“Pole vaulting is 10 percent physical and 90 percent mental,” he said. “If you’re not there mentally and don’t have the drive, you can’t succeed.”

All of which makes Brown the complete package.

“He’s tall and fast and smart with a great attitude,” said Halsell. “He’s a good team player, a great competitor, a student of pole vaulting. He’s been fortunate to have great coaches in Rod and Dick. Now he’s more mature, has talent, and is confident, but definitely not cocky.”

Brown’s rise from a good high school vaulter to national champion college vaulter was steady. His freshman season, he won the first of his three consecutive Great Northwest Athletic Conference (GNAC) titles. As a sophomore, he qualified for the 2009 indoor nationals, placing 13th out of 14. It was then, as he saw the competition at nationals that Brown realized what heights he could reach.

“Something sparked up in me; I realized they were just like me,” he remembered. “The only thing holding me back was my mind. I just needed to step up and do it.”

Even Halsell and Henrie, who watched as Brown grew stronger and more mature, never expected him to do what he did his junior season. First he reached 17 feet during the indoor season and was ranked as the top Division II pole vaulter going into the national meet.

There he opened at 16 feet, eventually making 16-11 on his first try before missing at 17-3. But his only competition also missed at 17-3, and Brown was declared the champion on fewer misses. In track tradition, Brown was given the championship trophy by his vaulting coach.

“Dick got to hand out the trophies, and he was kind of emotional,” said Brown. “It was really cool. It took a while to sink in. A couple of days later, I thought, ‘I’m a national champion.’ But then it was like, ‘Now let’s go; the outdoor season starts right away.’”

Ah, the 2010 outdoor season. He became the conference’s first vaulter to reach 17 feet both indoors and outdoors. He won the conference title again. But it was all a warm-up for the national meet, where Brown did what all athletes dream of: executing his best when it counted the most.

“The outdoor nationals was my best meet ever,” said Brown. “Dick described it as very business-like, having fun, being relaxed. It all came together.”

It sure did. Brown soared an incredible 17 feet, 8 1/2 inches to break the school and conference records and win his second national title by more than a foot. He also became the first Viking in nearly a century of track and field competition to win more than one national championship.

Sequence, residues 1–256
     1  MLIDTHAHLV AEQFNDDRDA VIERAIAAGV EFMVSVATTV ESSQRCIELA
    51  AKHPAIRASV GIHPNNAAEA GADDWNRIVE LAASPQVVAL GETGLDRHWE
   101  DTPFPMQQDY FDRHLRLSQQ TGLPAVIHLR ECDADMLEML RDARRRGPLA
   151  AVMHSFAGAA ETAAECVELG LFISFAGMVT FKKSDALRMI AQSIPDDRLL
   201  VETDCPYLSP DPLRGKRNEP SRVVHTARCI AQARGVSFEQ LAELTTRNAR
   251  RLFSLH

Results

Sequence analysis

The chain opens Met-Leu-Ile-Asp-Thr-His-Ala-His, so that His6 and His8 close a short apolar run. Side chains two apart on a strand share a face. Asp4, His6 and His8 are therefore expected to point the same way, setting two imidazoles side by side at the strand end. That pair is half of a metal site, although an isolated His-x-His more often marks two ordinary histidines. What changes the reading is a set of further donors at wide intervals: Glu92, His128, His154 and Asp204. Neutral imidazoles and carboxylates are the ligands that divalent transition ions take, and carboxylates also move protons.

And don’t dismiss this as “small college” stuff; Brown’s height was the same as the winning vault for the NCAA Division I outdoor title. In fact, before 1967 it would have been a world record.

For Brown, it came easy — or at least was easy to describe.

“To have the perfect jump, the most important thing is the mind,” he said. “You have to visualize clearing the bar. I always imagine clearing the bar 6 inches above where it is. The good ones feel really easy. When you fly over you know it.”

After that perfect jump, the accolades came flowing in. He was named the GNAC Male Indoor Track and Field Athlete of the Year, the NCAA II West Region Field Athlete of the Year for the second season in a row, and the school’s male athlete of the year, a rarity for a junior.

Perhaps because of the amazing jumps in improvement he’s made each year and the potential he has to be even better, Brown is not afraid to keep setting the bar higher – both literally and figuratively.

“When I saw that I was ranked 11th (among all college vaulters), I thought, ‘You can be in the Olympics. You can get it.’” Brown said. “It is the belief that separates the Olympians. People don’t want to fail, but I’m not afraid to fail. They (Olympians) are just like me: their mind set, confidence, belief. I have a belief in my family, my coaches and my God.”

Is this all unrealistic talk from a dreamer? Going 17-8 in a Division II meet is one thing; reaching the 19-foot level, which would have won the bronze medal at the last Olympics, is another.

But let’s ask the coaches who already have watched him improve by more than a foot in a year and take his game to heights never seen by a Western athlete.

“He’s going to get stronger and faster as he gets older,” said Henrie. “I’ve seen kids with a lot less ability than him jump a foot higher than I thought. It’s possible he could jump 18-plus indoor (this spring). Outdoors, with a tailwind, on a sunny day, he could clear 18-6 maybe 19 feet. When he went 17-8, he cleared it by a foot.”

“He’s young to be looking at that (19 feet), but he’s capable of it.,” said Halsell. “If he can reach it ... he could win the Olympics. So many factors go into that. But physically and mentally he could do it. I guess we’ll have to buy him some new poles.”

National championships. Nineteen feet. The Olympics. We’re talking heady stuff for a college student from little ol’ Bellingham. Surely all of this would crack the humble veneer and show Brown for who he truly is.

Actually it does show who he truly is.

“Everybody’s concerned about him being an Olympian,” said Henrie. “All I know is that he’ll be one heck of a chiropractor. He gets a lot of attention because he jumped high, but I’d like him to get attention for being a good guy.”

And whenever he does get all that attention, rest assured Brown will be thanking a whole lot of people who helped him along the way.